A speech on Love (The behind the scenes, what went into my thesis kind of speech)

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Love is such an overused word and underrated subject, and my thesis aims to explore love in a unique and thoughtful way that makes it have meaning again in a raw way. This thesis has been a very long time coming. Over three years ago I considered making an analysis on love and for my first writing week project, and I thought that’s what I would create. I was told that my writing week project cannot be 40 pages long, much to my dismay. Then two years ago, I started working on my thesis that I titled, let all that you do be done in love: an analysis of love. Finally, I could write about what I had planned so long ago with the personal message that it was better to have loved and lost than to have never loved at all. First I drew a chart on giant white cardboard, with sections. I remember bringing the chart in to my first reader and going over it with him. Over time many of the sections were written and when I got to the first semester of my senior year, I had huge plans for my thesis. While love itself was not taking off in my personal life, writing my thesis helped me to discover that it wasn’t about that, that wasn’t why I was writing this. It was so much bigger than that.

During the workshop in my IS5 class, I asked Adam about page length; specifically I asked if I could write a 100 pages and everyone in class had a horrified look I remember well. Adam did one of his classic facial expressions, and said no. There was a page limit. See, I had a tutorial with Stuart where I worked on the science section of my love thesis where I focused on pheromones and oxytocin and I learned so much! However, I kept getting more and more ideas, more thoughts of how my exploration of love and how I could direct it. After a while, JD had to have me focus it on what I already had planned: An analysis of the four loves by C.S. Lewis, a Science explaining love section, love changing over time, a personal story, and connecting my personal story to C.S. Lewis’ work by analyzing my failed love as a case study. That’s what I will be talking about today.

 

C.S. Lewis’ book was really my jumping off point for my thesis. By reading about affection, friendship, eros, and charity, it made my thinking for the rest of the thesis sharper. I was finally focusing on the sections and making everything flow. Writing about friendship and affection wasn’t hard for me. I wrote about both of those according to Lewis with my own critique. It was eros and charity that I took more time on. I wanted to find a way to talk about eros that was meaningful and also explained it the author’s way, but with my voice too. And after taking a break from the thesis, I was able to do that. Charity was a section that I had a hard time explaining so I met with my thesis advisor to discuss how I could better understand this section so I could continue.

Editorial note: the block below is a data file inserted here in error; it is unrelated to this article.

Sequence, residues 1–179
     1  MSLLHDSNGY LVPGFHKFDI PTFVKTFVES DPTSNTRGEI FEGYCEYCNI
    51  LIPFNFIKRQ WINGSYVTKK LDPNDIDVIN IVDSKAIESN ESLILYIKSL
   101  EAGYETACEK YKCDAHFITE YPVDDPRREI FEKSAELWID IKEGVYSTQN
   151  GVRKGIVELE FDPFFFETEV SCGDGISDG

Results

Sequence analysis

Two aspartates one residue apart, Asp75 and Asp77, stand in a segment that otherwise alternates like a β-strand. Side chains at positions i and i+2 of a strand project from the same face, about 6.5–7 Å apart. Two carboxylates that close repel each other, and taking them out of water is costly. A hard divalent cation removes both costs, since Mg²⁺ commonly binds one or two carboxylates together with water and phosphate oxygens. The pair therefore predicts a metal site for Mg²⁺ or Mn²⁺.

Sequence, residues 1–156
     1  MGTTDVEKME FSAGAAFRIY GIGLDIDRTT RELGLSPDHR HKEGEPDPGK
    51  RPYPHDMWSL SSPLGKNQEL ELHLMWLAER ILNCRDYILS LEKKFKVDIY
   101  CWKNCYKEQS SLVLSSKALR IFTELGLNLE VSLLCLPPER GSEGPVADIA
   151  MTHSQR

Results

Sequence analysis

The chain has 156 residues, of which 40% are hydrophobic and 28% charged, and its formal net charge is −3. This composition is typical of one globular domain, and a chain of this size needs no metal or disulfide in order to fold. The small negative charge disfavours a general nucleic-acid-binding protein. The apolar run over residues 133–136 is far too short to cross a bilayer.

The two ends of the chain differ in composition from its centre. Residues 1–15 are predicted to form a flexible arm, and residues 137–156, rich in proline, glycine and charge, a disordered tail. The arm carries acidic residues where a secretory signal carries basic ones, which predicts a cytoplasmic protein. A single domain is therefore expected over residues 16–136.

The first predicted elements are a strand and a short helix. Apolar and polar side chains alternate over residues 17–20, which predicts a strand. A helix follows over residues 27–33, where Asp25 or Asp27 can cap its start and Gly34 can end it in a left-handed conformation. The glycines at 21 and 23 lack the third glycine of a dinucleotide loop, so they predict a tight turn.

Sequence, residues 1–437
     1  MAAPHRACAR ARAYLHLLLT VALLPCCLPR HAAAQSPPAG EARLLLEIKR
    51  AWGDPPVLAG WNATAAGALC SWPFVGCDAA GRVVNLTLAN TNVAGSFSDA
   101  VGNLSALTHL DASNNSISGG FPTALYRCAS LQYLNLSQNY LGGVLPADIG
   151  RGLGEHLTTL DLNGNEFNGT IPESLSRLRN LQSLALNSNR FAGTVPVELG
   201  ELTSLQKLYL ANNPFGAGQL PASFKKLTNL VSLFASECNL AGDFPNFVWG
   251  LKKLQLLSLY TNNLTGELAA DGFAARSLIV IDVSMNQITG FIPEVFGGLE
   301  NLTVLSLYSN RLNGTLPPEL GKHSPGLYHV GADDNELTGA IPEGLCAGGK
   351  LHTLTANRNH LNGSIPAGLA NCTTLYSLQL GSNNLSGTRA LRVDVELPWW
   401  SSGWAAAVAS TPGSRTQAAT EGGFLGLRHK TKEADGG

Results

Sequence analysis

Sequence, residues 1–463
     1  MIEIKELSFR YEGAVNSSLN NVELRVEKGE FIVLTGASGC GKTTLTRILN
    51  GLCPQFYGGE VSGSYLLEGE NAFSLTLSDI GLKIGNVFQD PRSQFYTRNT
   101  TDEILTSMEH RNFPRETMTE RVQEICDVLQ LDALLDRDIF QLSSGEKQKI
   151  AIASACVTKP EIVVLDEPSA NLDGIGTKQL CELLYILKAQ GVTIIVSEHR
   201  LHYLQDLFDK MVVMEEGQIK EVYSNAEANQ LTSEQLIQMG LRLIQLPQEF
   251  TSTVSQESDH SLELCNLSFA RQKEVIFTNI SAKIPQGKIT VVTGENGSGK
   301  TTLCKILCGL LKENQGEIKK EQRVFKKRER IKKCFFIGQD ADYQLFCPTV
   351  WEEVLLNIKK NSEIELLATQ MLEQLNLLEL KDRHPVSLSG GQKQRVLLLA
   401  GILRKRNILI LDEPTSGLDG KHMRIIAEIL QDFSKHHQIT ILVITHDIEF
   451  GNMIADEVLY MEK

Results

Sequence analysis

Writing about pheromones and oxytocin was a part of my thesis that I found the easiest. I found that studying and reporting on facts was easier than analyzing an author’s philosophy and far easier than trying to decode my own thoughts and feelings. Not to say science is easy, because it’s not. And the science behind why we have certain powerful feelings that could be love was harder still to learn about. It was useful to add science to my thesis (It was not my initial plan to) in order to help not only my reader but myself understand love more with science behind it, rather than just observations and speculation. One of the things I learned is that while giving a massage both the giver and the receiver have oxytocin released inside their brain. I also learned that pheromones are odorless, but very present and can help explain why we are attracted to one person and literally repulsed by another.

Writing the introduction and conclusion to my thesis were probably the most challenging parts (in addition to a bunch of books for research that I read that I didn’t use). I really wanted to start off strong and I wanted the conclusion to capture how complicated love really is. So I went through four revisions of my intro, before I found one that I felt suited the thesis best. The conclusion I left for last. Somehow, after all the writing and furthermore all the thinking about love I did, I was able to write just one meaningful conclusion.

The Conclusion: Contemplating, what kind of love is out there for me?